History Beneath Your Feet
Archaeology of a Capital City
Dedicated in 1893, this monument commemorates the American victory in the Battle of Trenton on December 26, 1776. The battle served as a critical turning point in the Revolutionary War. The British defeated the Continental army in previous engagements and many of the Continental enlistments were scheduled to end at the beginning of the new year. General George Washington was desperate for a victory that would encourage new enlistments and keep the army alive. On Christmas night, Washington decided to attack a Hessian encampment across the Delaware River in Trenton, New Jersey. The American force surprised the experienced Hessian mercenaries providing a critical victory that allowed soldiers and political leaders alike to continue supporting the revolution.
The Old Eagle Tavern (historically known as the Eagle Tavern) is a historic building located at 431-433 South Broad Street at the corner of Ferry Street in Trenton, Mercer County, New Jersey. The building was built in 1765 by Robert Waln. The building operated as a tavern and hotel from 1765 to 1896. It was added to the National Register of Historic Places on November 3, 1972 for its architectural, commercial, and political significance. The building is also a contributing property of the Trenton Ferry Historic District, which was listed on June 26, 2013.
This house museum is the oldest standing structure in Trenton, New Jersey. Constructed for Trenton's founder in William Trent in 1719, the home contains exhibits that reflect the colonial period and the growth of the Trenton. The stately home passed though some of the most influential families before the property was donated in 1929 for the purpose of creating a museum.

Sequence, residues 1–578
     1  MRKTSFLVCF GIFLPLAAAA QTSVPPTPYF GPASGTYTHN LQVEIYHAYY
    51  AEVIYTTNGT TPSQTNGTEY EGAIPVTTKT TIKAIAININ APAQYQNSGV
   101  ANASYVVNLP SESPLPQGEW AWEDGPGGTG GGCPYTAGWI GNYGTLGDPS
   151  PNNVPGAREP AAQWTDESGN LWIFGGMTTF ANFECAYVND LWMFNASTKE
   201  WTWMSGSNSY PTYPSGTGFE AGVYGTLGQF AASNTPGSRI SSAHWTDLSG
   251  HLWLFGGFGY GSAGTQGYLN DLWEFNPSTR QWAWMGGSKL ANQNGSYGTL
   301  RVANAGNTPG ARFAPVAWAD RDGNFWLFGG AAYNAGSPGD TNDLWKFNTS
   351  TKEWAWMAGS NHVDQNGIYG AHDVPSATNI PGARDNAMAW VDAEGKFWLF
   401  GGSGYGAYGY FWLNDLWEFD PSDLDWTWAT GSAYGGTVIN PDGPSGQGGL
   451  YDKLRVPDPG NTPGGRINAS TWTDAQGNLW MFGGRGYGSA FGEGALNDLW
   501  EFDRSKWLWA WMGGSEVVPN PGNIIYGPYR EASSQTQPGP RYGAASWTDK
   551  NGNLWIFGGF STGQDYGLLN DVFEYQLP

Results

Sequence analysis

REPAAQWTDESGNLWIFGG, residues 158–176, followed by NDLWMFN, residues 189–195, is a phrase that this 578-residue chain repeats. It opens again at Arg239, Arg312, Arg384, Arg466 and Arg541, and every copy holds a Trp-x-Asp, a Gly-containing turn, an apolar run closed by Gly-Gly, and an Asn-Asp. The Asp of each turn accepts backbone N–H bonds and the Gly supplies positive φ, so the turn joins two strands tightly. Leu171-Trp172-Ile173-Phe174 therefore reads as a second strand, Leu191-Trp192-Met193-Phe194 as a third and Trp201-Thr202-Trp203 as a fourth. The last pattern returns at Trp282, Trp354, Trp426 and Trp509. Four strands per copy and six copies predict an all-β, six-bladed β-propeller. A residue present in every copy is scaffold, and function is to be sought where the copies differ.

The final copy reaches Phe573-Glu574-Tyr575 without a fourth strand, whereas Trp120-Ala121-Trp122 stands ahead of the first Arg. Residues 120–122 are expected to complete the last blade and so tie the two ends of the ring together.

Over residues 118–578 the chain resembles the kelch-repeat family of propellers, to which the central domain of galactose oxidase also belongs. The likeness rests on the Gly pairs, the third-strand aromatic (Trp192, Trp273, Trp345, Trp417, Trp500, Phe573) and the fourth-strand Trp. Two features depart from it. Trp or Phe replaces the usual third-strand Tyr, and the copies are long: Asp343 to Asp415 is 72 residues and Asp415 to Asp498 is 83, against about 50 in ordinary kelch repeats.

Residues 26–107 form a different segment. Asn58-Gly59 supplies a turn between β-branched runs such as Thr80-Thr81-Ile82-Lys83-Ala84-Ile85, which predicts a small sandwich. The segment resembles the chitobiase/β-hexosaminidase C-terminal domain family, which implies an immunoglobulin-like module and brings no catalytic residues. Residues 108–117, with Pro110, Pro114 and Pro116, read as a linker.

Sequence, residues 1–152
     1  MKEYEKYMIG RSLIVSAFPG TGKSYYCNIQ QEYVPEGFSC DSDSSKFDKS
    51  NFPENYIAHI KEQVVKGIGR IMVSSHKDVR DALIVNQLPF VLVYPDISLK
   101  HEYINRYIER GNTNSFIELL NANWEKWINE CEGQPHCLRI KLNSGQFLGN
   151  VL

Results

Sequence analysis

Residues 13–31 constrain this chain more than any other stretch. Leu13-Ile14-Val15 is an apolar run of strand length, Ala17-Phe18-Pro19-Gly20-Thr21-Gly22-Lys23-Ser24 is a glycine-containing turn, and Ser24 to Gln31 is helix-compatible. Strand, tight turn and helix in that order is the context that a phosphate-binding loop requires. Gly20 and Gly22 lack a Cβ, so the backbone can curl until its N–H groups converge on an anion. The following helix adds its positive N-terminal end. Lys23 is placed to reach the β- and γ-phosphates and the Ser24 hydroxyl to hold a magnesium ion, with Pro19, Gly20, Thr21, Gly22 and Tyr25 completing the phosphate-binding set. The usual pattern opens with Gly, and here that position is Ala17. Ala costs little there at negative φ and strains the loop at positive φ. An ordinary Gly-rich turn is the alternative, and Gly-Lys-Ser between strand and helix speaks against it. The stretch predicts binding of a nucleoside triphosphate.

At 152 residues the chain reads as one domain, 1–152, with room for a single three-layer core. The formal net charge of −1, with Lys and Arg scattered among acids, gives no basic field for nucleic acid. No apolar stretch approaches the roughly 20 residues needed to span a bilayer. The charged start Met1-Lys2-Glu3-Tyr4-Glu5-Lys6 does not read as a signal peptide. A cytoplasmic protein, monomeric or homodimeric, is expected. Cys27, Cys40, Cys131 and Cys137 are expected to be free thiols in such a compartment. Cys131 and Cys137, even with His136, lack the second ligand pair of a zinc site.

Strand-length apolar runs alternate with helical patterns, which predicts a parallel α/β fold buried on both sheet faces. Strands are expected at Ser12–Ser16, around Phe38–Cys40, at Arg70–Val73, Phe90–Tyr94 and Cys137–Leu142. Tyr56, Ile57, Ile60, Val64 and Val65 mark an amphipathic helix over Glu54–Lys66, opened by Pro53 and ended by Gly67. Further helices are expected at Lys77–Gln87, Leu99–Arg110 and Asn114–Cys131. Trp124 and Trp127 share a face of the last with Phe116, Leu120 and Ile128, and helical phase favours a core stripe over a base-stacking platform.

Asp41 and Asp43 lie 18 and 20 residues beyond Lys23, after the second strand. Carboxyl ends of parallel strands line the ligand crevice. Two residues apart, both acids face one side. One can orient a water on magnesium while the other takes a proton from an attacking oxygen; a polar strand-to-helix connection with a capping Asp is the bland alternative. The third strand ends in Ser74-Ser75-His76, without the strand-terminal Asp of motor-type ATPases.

The Old Barracks Museum is among the more important historic sites in New Jersey. It was one of five military barracks built in New Jersey in the late 1750s to house British troops (in the winter) during the French and Indian War (1754-1763). None of the other barracks exist. As such, the barracks is the only extant and restored military building in the state dating to the colonial period. It is perhaps most famous for being site of the surprise attack on the night of December 25/26, 1776. The Continental Army, under the command of George Washington, attacked and captured the 1,000-strong Hessian (German) garrison stationed here in the battle known as the Battle of Trenton. The Americans suffered few casualties in the victory, which boosted morale and increased enlistment into the army. Visitors to the museum can immerse themselves in the history of the barracks through a variety of activities such as summer day camps and camp-ins for high school-age students. The barracks is a National Historic Landmark and has been a museum since 1914.
The Petty's Run Archaeological site
The first official state museum in the United States, the New Jersey State Museum has been in operation since 1895. The museum has been located at the Capitol Cultural Complex since its creation in 1964, and its galleries include a variety of artifacts and exhibits drawn from the museum's vast collection which includes fossils and other items related to natural history, works of art, and items that reflect the diverse history of New Jersey from the prehistoric era to the present. Highlights of the museum include the planetarium, a Civil War Flag Gallery, and a permanent collection that takes users through a history of the state.